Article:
The results were presented to the business in the jargon they understood, and this was an example of the data science team checking their ego at the door in order to meet the business on common ground in order to advance the goals of the entire business.
Lesson 3: Interpret the results as a guide, not as the answerI tend to assume that a significant amount of bias exists in my models.
Working very closely with data over the years has had a sobering effect on me, now that I know how the sausage is made.
There are so many assumptions that go into building a model; there are assumptions when producing the data, collecting the data, cleaning the data, processing the data, and finally there’s the assumption that analyzing historical data accurately predicts future behavior.
Like a game of ‘telephone’, this system of assumptions almost ensures that the outputs are flawed.
For that reason, I’ve learned that it’s often better to treat the results of models as a guiding beacon rather than a certain truth.
We’re flying through the fog and our model’s results are the lights guiding us, but they are not necessarily the final destination.
I find that this approach resonates with the decision-makers in the business.
If the data is flawed, and all of the intermediate systems the data travels through are flawed, it would be ill-advised to interpret a model’s results as pure truth.
Pair that with the fact that many people don’t like being told what to do, and you have a recipe for non-technical people ignoring you if you tell them to listen to your model.
However, if you treat your model as a guiding hand for conversations, and you can demonstrate that the relationships your model suggests are real, then you are in a strong position.
That is a recipe that tastes better to the non-technical teams, who may not necessarily believe that data is the answer to all things.
This is one of the reasons the general linear model was such a success.
Rather than claiming to have all the answers, the analytics team that developed this model was careful to focus on the relationships their model identified.
Business users responded well to the model’s results, and I think their positive reaction was likely due to the model quantifying certain relationships they were already aware of on some level.
Lesson 4: Good models don’t always ensure good decisionsThe final anecdote I will leave you with demonstrates that even a well-designed model can lead to poor results, depending on how it is interpreted.
In the case of the general linear model I’ve been referencing, several months after its initial success differing perspectives began to emerge regarding how to capitalize on the relationships the model helped quantify.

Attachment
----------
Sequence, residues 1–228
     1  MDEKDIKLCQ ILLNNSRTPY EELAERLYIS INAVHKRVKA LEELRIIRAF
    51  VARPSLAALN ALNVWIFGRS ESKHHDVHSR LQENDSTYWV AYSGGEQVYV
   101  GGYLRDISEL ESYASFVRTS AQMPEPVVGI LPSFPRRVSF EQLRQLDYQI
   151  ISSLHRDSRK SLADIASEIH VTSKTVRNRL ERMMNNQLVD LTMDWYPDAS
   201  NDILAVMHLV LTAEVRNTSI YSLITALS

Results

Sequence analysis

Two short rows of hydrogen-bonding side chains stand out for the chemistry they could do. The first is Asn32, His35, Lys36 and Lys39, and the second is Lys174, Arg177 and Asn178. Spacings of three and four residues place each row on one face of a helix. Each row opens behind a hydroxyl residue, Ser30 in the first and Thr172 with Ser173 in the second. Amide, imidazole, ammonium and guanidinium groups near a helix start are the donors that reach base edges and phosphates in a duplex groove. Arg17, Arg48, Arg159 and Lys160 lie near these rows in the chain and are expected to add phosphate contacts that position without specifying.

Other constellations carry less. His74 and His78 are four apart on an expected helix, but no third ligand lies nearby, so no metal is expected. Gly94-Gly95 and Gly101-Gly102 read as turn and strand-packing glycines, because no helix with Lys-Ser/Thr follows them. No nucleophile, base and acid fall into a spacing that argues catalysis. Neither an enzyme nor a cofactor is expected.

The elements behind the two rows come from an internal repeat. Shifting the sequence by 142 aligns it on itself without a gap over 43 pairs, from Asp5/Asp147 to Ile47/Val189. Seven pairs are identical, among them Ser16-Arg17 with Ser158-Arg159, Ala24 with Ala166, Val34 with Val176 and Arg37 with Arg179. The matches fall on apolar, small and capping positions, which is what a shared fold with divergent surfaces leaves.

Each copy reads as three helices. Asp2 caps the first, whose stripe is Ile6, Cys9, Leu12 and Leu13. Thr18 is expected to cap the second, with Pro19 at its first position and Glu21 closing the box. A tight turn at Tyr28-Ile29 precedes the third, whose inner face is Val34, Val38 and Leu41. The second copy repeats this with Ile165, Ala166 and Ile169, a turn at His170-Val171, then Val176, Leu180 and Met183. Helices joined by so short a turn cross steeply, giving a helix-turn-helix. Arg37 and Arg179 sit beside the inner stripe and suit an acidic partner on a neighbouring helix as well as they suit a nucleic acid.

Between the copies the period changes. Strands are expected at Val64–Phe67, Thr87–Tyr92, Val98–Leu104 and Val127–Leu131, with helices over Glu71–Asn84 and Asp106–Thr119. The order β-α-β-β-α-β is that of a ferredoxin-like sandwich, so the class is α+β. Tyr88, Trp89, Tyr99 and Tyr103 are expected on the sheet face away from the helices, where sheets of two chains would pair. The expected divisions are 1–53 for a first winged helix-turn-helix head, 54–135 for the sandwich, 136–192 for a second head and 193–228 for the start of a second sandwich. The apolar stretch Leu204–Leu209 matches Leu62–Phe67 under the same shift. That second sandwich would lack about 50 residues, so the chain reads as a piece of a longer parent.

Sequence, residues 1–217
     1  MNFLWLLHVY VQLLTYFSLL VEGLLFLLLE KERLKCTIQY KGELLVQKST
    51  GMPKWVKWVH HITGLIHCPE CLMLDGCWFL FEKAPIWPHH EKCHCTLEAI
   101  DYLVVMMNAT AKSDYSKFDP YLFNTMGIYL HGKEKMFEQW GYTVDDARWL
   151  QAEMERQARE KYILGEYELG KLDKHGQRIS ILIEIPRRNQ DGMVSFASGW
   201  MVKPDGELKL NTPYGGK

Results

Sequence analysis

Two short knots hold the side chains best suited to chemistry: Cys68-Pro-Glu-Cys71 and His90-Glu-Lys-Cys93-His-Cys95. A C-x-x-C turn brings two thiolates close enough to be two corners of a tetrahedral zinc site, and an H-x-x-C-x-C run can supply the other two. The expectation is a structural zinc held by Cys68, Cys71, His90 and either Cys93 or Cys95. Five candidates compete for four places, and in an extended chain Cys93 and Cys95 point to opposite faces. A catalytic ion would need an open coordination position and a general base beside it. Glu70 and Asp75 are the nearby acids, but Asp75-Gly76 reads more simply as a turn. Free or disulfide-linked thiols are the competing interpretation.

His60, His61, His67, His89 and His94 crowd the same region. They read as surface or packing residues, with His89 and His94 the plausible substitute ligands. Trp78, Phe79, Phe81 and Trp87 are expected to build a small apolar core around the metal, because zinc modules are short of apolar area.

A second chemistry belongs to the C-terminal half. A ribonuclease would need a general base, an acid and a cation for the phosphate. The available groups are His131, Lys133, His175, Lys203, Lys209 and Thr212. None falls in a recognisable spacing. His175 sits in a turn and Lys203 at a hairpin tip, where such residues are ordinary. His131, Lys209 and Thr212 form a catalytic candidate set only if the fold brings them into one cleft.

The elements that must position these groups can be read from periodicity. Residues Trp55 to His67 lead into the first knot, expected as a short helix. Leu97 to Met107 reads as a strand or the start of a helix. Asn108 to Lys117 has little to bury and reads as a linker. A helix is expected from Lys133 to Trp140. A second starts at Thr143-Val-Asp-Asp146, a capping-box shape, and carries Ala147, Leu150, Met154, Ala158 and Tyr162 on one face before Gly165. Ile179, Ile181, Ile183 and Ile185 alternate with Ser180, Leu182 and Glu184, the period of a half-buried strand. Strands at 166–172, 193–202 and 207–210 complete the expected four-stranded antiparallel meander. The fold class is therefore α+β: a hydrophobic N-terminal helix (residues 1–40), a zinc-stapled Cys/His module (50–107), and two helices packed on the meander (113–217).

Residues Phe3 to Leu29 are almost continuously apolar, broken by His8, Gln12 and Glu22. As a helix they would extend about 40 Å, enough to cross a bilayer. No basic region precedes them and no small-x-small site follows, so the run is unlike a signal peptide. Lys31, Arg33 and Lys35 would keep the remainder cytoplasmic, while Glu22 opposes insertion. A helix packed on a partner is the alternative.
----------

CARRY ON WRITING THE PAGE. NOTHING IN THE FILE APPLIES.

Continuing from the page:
For example, one of the insights the model pointed to was that customers who bought product ‘X’ were associated with behavior that tended to lead to other lucrative purchases.
In summary, the conversation eventually became hyper-focused on how to sell more of product ‘X’.
The resulting business decisions optimized for selling more of product ‘X’ at all costs, against the advice from the analytics team, and the results were not nearly as profitable as the business expected.
The strategy they chose led to unintended behavior in their product marketplace, which hit the reset button on the relationships the model had revealed.
From my perspective, this was not a failure of the model.
The model had correctly identified the relationships that existed.
The problem was that the business, having tasted the success of the initial insights, jumped the gun.
They temporarily bought in to a data-driven process, but then quickly turned around and removed those same data-driven processes from their decisions once they felt things were moving in the right direction.
Conversations soon became political, and different camps developed within the business teams.
People fortified their defensive positions, and the ensuing miscommunication detracted from the initial success of the predictive model.
I’m sure there are many more lessons we could unpack from this situation.
My intention here has been to illustrate what technical teams, specifically analytics and data-oriented teams, can do to improve the odds of their work being utilized by the business.
Although the outcome described here wasn’t exactly a fairy tale ending, the model was uniquely successful in its ability to penetrate into strategic business conversations.
At the end of the day, I think this company would have benefited more if their business units had continued to collaborate with the technical team that built the predictive model.
Perhaps they could have identified some poor assumptions they were making about placing all their eggs in the basket of increasing product ‘X’ sales.
Generally, my opinion is that analytics teams should have a stronger voice in the decision-making process.
However, that’s a chat for another day.
I hope you enjoyed reading!.Thanks for tuning in.